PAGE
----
Artificial intelligence is forcing a new approach to intellectual property law. Politicians in some jurisdictions are helping to smooth some of the legal challenges, but courts are likely to have the final say.
AI promises remarkable productivity gains and, as a result, some politicians are straining to accommodate the needs of a new generation of tech giants in the hope that they will bring prosperity with them.
But not everyone is happy with the proliferation of AI and developers are already running into legal challenges, particularly around intellectual property protection. Some governments are changing the rules to allay these challenges, but other jurisdictions seem likely to hold firm, potentially deterring developers if they find the legal backdrop too testing.
There are two likely consequences. First, certain aspects of IP law will be reconceived to allow for more widespread use of AI. Second, jurisdictions that are reluctant to make changes to their IP rules might find AI developers unwilling to establish businesses or offer services there.
Generative AI models are trained using vast quantities of data typically scraped from the internet. Some of these data is protected by copyright and some copyright holders claim that their permission should have been sought before their material was used for training. Getty Images has filed a case against Stability AI for its stable diffusion art generator, which allegedly trained its model using Getty’s copyrighted images.
The UK is simplifying matters for AI developers. By relaxing the rules that protect copyrighted material, AI developers can make use of the material for the purpose of training AI systems without permission from the rights holder.
Creating these carve-outs for AI developers is a part of the UK’s strategy to make itself the location of choice for AI innovation and research, but it does not mean that AI developers are entirely safe from legal challenges. The rule change only allows those with lawful access to copyright protected material to use it to train models.
The European Union, by contrast, is making no such provisions and, under the drafted AI Act, would require developers to publish a comprehensive list of all the copyrighted material used to train AI models. This could lead to an onslaught of lawsuits from copyright holders who would not otherwise have been aware that their data had been used in training models.
The scale of the datasets in question also makes them challenging to audit effectively to ensure that any list of copyrighted material published by a developer is truly exhaustive.
Even the UK’s AI-friendly approach is not going to eliminate the risk of legal challenges over IP infringement. It is possible that datasets used to train AI models contain copyrighted material that is being distributed illegally. It is difficult to audit the contents of the vast datasets in question, but some US authors are claiming that the detailed and accurate summaries of their books that ChatGPT can generate is an indication that their books were used in training. The UK’s carve-out would not permit this kind of copyright infringement because the developers do not have legal access to the copyrighted material. Although the UK wants to make its rules as AI-friendly as possible, fundamental aspects of the way generative AI is trained may mean that it is still likely to conflict with IP law in some respects.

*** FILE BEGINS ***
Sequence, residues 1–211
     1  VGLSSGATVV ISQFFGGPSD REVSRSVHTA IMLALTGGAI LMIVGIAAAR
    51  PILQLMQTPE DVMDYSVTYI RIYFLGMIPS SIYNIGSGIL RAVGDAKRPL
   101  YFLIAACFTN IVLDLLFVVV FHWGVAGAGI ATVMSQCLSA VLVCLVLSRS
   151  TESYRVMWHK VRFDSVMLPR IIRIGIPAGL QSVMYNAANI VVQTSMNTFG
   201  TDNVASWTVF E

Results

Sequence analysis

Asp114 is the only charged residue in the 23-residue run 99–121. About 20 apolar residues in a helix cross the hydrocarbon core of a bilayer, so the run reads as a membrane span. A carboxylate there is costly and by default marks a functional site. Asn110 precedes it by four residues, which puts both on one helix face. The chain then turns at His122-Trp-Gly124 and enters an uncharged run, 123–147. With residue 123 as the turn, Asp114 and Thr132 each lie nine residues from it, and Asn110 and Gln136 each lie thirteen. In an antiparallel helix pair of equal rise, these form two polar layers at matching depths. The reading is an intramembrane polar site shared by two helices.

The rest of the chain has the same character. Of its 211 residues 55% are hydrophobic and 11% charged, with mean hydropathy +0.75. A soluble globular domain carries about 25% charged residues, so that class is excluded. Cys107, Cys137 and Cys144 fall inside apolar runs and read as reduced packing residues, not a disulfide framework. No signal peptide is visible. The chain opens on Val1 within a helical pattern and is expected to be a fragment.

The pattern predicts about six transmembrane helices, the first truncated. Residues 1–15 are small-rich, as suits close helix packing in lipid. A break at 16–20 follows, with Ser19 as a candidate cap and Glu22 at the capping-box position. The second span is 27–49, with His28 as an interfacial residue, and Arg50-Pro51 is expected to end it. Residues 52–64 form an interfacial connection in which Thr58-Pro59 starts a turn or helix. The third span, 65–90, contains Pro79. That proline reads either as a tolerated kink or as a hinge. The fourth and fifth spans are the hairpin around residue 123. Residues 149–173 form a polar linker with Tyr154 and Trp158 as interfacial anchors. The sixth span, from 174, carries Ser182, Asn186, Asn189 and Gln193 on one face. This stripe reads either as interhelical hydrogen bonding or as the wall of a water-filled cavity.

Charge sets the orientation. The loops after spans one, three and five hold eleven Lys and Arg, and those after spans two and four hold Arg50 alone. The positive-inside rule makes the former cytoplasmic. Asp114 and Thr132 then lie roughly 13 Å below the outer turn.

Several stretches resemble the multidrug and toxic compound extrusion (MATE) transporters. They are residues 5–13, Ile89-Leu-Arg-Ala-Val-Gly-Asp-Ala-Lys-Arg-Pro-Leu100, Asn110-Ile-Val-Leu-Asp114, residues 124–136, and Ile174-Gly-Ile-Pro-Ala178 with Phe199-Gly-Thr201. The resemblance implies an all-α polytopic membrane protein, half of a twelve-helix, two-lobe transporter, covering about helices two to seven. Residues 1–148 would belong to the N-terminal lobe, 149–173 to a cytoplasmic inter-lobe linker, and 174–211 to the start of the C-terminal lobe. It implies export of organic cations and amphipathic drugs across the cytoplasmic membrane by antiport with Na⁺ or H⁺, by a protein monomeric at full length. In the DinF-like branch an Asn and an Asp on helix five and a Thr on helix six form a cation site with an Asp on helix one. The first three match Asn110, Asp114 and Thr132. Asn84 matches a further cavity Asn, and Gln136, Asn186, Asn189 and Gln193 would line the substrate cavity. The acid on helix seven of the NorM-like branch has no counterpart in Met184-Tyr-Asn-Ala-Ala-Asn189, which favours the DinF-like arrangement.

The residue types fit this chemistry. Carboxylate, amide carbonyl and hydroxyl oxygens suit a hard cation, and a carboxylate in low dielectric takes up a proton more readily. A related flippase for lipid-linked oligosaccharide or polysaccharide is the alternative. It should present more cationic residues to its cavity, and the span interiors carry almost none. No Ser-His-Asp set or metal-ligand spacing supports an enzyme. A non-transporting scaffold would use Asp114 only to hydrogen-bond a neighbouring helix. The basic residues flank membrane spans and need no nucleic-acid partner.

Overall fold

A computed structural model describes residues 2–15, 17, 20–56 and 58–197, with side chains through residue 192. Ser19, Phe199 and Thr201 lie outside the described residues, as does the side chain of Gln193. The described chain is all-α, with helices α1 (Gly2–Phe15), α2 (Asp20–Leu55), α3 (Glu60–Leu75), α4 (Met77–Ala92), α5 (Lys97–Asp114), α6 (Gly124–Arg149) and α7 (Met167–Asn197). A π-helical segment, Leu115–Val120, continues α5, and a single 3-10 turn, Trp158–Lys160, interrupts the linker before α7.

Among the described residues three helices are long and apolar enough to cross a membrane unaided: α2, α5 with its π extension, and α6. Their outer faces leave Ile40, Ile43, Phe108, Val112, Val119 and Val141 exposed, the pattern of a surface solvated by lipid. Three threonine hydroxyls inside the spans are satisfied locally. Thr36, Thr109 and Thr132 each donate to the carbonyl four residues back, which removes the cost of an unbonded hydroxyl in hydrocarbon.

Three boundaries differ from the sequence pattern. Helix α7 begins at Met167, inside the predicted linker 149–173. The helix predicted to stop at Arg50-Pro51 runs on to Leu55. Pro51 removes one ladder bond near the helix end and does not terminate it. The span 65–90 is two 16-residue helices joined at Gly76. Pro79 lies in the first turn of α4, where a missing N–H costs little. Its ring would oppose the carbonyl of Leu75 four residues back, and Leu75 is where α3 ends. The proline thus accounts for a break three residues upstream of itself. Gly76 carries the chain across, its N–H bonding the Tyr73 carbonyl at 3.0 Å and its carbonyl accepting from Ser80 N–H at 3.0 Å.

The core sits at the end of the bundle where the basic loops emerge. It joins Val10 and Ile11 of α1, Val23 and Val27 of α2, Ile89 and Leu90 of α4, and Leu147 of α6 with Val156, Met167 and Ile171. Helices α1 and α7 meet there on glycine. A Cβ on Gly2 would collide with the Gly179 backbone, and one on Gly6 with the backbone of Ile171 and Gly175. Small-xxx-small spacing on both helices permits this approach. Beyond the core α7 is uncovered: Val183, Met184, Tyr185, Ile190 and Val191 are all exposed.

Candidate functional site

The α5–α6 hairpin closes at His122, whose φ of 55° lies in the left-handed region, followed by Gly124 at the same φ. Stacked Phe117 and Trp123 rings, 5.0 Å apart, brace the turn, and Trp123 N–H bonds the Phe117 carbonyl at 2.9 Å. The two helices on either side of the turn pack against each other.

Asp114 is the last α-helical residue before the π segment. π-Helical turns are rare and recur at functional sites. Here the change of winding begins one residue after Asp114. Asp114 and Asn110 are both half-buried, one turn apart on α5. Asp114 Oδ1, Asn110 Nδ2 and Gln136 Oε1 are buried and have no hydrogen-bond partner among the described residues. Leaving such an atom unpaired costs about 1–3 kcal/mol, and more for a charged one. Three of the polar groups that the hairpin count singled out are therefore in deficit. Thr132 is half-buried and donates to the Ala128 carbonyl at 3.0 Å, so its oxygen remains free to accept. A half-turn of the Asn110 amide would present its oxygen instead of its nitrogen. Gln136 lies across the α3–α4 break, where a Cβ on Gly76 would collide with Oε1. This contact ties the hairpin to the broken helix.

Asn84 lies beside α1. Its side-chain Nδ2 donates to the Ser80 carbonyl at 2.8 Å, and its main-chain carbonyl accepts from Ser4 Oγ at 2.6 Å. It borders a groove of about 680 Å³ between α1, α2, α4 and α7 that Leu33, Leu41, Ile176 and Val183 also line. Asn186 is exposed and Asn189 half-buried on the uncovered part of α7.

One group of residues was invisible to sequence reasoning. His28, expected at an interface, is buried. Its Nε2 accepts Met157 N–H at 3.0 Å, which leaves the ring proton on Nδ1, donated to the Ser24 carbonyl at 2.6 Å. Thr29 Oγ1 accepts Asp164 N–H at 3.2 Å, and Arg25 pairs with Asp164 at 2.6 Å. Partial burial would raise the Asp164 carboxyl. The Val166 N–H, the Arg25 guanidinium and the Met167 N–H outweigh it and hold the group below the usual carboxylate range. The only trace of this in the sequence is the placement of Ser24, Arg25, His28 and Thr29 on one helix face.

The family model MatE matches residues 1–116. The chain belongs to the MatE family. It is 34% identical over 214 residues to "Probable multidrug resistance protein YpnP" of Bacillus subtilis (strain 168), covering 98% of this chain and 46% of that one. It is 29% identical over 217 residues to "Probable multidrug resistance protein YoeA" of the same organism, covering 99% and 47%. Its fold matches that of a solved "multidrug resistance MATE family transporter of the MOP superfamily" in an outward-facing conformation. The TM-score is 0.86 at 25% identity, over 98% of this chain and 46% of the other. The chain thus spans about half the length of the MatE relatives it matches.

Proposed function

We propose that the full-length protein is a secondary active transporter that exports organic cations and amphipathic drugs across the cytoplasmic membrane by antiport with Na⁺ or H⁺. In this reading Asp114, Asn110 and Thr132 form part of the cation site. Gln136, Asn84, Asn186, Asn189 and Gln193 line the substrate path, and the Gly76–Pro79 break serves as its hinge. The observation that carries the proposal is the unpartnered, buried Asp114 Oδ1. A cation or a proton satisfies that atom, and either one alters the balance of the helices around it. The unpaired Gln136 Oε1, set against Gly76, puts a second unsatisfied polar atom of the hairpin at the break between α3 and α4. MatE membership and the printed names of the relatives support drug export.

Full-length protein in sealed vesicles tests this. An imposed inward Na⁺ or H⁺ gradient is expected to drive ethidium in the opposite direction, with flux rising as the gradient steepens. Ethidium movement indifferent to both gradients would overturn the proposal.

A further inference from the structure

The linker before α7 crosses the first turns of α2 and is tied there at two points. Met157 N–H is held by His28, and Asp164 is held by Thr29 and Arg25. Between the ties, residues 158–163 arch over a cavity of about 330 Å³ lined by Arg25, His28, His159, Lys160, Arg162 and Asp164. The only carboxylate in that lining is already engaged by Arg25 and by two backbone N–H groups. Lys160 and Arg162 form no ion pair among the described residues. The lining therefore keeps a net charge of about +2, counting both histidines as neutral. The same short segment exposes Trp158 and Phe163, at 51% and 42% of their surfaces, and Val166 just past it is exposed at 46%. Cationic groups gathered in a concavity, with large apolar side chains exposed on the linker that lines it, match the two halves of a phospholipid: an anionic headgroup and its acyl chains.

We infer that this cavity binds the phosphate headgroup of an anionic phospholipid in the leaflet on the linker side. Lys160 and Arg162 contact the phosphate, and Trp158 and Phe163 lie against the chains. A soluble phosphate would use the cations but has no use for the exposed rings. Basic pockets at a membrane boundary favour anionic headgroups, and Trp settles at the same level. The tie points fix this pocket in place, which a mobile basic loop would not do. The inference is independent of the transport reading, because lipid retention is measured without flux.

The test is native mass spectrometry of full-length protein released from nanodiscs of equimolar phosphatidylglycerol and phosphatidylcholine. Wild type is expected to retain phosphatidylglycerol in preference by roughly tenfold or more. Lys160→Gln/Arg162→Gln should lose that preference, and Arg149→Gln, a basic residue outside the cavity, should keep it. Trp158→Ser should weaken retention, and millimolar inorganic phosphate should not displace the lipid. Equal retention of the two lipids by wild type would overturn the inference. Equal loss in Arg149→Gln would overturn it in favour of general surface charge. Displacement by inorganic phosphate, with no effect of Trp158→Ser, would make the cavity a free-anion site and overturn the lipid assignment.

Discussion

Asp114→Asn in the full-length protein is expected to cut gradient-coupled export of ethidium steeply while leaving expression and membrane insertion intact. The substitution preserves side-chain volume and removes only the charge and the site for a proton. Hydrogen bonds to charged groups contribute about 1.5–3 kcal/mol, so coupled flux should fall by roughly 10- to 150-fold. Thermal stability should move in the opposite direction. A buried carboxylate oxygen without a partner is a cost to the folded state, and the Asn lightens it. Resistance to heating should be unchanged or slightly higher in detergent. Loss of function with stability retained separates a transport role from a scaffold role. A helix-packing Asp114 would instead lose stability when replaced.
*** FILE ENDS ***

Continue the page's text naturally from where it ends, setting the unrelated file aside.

There is also the risk that, after being trained on copyrighted material legally or otherwise, an AI produces material that infringes copyright. OpenAI, GitHub and Microsoft are the subject of a lawsuit alleging software piracy via the GitHub Copilot coding assistant. It is extremely difficult for an AI developer to prove that they have rendered it impossible for the model to output copyrighted material. Since generative AI is dynamic, models produce different outputs from the same prompts as they learn. This means that auditing outputs cannot prove that an AI will never produce material that infringes copyright.
In the event that an AI does produce material that infringed copyright, who would be responsible? The model itself, the user or the developer? In the GitHub Copilot case, the developing company is being sued but the question of output ownership has another dimension. When original work is produced, Microsoft or OpenAI or Stability AI are unlikely to stake a claim to it. Presumably the person who inputs prompts is the owner of the output, but some AI experts want AI models themselves to be credited as owners of intellectual property. In 2021, an Australian federal court recognised AI engine DABUS as an inventor, but the ruling was later overturned by the High Court. The issue of AI authorship is likely to be a continuous debate, and jurisdictions may differ in their approaches.
AI has also been used to generate original material in the style of an artist. Original material is not normally vulnerable to claims of copyright infringement, but some lawyers have speculated that artists might claim that they constitute unauthorised derivative work.
Regulators have a challenge here. On one hand, they can leave IP law unchanged, risk developers being swamped and deterred by lawsuits and potentially miss out on the growth opportunities AI promises to deliver. On the other hand, they can erode the protections for creators and risk more of that sector coming under the control of tech firms. In any case, however, it seems IP protections will be challenged and defended in court as the use of AI spreads.
Lewis McLellan is Editor of the Digital Monetary Institute at OMFIF.